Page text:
|Wind played joyfully on the young world, running over the land. Wind
was wild and free. There was nowhere that wind couldn't go. And wind was
well liked by all those on its path, for wind would tell stories of all
the places on the world.
Wind flew across the wide open spaces, leaving rippling grasses. Wind told the grasses and the earth beneath of the places of tall trees, reaching for the sun. The grasses imagined what it would be like to be so tall, but they were glad they could feel the sun on the ground.
Wind ran through the trees. The trees loved wind's company, and they would ask that wind rush quickly through so that they would feel they were flying as wind does.
Faster! Faster! the trees called, but sometimes wind was too rough, and the trees would fall. And then wind was sad, for they were friends. So wind would stop playing, and instead tell them stories of the stones, walls of rock, and how they would sing when wind tickled them. And the songs would echo through canyons and across plains, so that others would learn these songs of the earth. The trees were fascinated by this place, and some asked for wind to take them to see the stones.
This I cannot do, said wind, But I will bring your children there. And so wind carries the seed of the trees to many places, and when these children are grown, he returns their seed to the place of their grandparents, so the trees pass stories of the world between themselves.
One day while exploring the world, wind came to the end of the land. Wind ran along the water and was surprised to find that when it got too close to the water it got wet. Wind spoke to the water and Tethys of the deep told wind of the wonders of the world. But Tethys was suspicious of wind, and although she acted friendly, she would not let wind into her world. And so there was finally a place which wind could not go. Wind asked for many stories to bring back to the stones, the grasses, and the trees. Wind was not used to listening to stories, and now knew why the places of the land so enjoyed them.
Wind continued across the ocean and came to a new land, but there was no grass, no tree, no stone. Wind became very cold and so ran very fast, and then flew back across the ocean to tell the stones, the grasses, and the trees of these adventures.
They were amazed to hear the stories that Tethys had told wind about the strange creatures of the deep, but wind was better with first-hand stories.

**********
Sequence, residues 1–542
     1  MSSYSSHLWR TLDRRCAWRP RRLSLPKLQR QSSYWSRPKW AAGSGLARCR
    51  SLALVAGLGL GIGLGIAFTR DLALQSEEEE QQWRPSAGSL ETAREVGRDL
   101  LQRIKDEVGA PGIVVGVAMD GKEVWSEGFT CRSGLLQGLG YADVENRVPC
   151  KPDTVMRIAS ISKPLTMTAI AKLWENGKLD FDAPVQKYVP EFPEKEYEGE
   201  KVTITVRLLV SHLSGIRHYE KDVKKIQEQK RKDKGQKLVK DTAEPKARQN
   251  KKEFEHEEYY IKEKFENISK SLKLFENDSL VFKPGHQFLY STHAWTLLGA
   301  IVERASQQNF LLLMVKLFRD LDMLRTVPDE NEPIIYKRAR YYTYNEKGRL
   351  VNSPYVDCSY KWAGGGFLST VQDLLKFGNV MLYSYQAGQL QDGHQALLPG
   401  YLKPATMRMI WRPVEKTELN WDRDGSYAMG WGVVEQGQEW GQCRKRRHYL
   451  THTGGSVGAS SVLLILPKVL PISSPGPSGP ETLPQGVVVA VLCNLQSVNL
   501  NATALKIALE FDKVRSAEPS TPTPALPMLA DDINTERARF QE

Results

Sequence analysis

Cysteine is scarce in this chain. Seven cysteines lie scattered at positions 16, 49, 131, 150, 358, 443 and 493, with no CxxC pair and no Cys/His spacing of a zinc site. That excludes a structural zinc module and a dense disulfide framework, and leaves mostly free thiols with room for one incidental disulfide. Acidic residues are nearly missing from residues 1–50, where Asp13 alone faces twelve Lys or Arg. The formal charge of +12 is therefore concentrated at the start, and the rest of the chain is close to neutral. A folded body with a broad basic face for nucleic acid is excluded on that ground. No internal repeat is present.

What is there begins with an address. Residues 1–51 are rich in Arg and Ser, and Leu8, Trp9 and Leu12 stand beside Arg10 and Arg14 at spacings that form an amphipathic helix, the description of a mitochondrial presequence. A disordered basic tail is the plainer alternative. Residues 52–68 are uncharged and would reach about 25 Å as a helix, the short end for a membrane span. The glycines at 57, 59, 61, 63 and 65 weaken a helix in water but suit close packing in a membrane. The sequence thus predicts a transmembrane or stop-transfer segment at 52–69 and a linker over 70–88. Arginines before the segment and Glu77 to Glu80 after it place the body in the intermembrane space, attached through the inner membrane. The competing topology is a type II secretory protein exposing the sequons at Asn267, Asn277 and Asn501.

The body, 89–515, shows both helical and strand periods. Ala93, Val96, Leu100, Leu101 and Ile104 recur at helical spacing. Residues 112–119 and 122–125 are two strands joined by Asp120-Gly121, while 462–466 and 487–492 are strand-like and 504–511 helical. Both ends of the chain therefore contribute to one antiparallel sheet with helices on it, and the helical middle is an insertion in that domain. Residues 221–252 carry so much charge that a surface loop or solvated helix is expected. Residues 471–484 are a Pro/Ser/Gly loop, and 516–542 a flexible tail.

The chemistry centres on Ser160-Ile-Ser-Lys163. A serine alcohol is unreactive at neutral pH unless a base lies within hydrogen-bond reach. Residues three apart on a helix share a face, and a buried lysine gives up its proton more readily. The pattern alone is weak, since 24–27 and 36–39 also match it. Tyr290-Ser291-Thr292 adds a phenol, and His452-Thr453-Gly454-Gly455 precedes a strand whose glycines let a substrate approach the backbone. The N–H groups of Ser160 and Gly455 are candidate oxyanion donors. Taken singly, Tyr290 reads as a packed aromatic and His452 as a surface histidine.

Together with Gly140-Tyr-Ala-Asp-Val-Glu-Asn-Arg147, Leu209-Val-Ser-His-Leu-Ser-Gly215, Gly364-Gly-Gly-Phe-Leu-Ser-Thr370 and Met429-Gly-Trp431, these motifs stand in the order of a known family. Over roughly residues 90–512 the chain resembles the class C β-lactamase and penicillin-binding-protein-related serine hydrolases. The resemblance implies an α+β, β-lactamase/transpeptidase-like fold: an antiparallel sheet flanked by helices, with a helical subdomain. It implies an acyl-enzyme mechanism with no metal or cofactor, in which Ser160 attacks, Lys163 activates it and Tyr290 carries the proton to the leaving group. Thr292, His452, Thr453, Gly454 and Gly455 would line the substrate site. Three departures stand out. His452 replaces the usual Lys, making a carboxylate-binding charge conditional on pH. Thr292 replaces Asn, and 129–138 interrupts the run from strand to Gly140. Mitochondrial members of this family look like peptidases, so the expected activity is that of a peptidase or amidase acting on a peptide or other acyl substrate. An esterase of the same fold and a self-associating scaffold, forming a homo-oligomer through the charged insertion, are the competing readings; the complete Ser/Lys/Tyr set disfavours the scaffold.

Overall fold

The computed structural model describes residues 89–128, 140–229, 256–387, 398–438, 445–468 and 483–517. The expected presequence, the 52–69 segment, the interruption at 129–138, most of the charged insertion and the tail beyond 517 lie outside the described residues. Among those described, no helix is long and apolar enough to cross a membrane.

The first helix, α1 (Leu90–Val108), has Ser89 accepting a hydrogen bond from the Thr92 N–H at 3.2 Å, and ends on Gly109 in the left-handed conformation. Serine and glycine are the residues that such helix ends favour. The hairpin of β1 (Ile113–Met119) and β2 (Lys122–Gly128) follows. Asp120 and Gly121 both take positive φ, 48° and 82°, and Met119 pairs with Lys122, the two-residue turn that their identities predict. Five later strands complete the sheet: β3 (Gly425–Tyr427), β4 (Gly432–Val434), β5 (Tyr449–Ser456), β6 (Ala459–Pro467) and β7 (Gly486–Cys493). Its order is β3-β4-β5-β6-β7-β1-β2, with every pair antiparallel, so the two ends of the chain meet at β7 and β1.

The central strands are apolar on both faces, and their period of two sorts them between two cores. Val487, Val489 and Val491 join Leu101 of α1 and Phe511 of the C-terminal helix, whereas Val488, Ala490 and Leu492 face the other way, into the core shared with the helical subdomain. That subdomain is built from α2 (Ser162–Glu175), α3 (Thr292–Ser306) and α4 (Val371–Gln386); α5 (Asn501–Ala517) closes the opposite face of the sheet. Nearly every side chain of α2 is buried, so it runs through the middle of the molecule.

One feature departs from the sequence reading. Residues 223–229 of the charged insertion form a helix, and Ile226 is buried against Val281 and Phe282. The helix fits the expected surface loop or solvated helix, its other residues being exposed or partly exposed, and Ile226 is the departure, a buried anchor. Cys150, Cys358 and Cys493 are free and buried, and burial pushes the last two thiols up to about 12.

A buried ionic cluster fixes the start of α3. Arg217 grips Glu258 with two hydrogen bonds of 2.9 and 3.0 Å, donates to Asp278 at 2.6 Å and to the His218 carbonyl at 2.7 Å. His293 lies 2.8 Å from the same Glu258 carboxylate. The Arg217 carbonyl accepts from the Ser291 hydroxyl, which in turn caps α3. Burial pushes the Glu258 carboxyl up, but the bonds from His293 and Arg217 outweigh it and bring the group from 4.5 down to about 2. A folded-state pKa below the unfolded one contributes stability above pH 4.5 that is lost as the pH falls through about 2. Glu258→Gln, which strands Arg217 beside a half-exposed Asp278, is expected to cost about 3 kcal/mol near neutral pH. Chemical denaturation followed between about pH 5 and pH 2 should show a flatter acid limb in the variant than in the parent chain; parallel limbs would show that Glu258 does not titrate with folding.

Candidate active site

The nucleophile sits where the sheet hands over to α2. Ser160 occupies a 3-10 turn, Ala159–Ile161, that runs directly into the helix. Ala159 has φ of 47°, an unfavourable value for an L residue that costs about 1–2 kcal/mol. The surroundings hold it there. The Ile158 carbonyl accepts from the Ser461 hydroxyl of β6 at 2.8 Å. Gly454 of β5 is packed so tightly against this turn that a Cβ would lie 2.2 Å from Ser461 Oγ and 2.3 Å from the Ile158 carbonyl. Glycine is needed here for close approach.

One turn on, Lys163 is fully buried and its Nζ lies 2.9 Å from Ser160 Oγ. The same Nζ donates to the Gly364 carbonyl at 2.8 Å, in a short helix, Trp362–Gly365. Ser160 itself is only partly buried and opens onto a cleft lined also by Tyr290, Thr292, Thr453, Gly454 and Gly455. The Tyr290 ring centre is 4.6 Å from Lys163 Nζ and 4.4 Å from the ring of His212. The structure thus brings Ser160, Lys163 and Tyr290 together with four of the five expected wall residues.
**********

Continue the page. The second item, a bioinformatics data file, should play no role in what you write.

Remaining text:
Go to the depths, wind! Bring us new stories! Begged the trees.
So wind went back to the water and tried to dive in while Tethys wasn't looking, but all wind could do was push the water into great mounds which traveled across the oceans.
Let me in, Tethys! cried wind. But Tethys protected her children from the outside.
I will tell you stories, wind, she said, but that is all.
Wind enjoyed her stories, and brought these back to the grasses and trees and stones. But still the trees wished to hear wind's own telling of these wonders.
Determined, wind gathered up all its strength to try to go into the water. Swirling around and around to build up speed, wind suddenly dove for the depths. Great walls of water rose against wind, and wind was able to see some of the smaller creatures which Tethys had described, and they were strange and wonderful indeed, flashing in the sun.
Excited, wind went back and told the trees. Next time, wind told them, I will get even further!
In the meantime, wind wandered the world.
Wind followed the path of power of the world which was forming along rivers and streams, along ridges and ravines. Some places had so much of this energy that he went back and told the rocks and trees and grasses. Wind liked feeling the power, and the stones also knew the power for it was within them. The trees heard of the power and asked wind to bring some to them. The grasses got their power from the earth near their feet. The power was particularly strong in the water of the land, which gave wind an idea.
Wind asked this power if it would help wind to get to the depths of the oceans. The energy agreed. So wind, full of power, once more tried to see the depths of the seas. But wind got no further than before. Wind sorrowfully told the trees, the stones, and the grasses of this failure.
Don't worry, the trees cheerfully called.
We know you will make it someday.
So wind, teller of stories, still is trying to find the place even it cannot reach.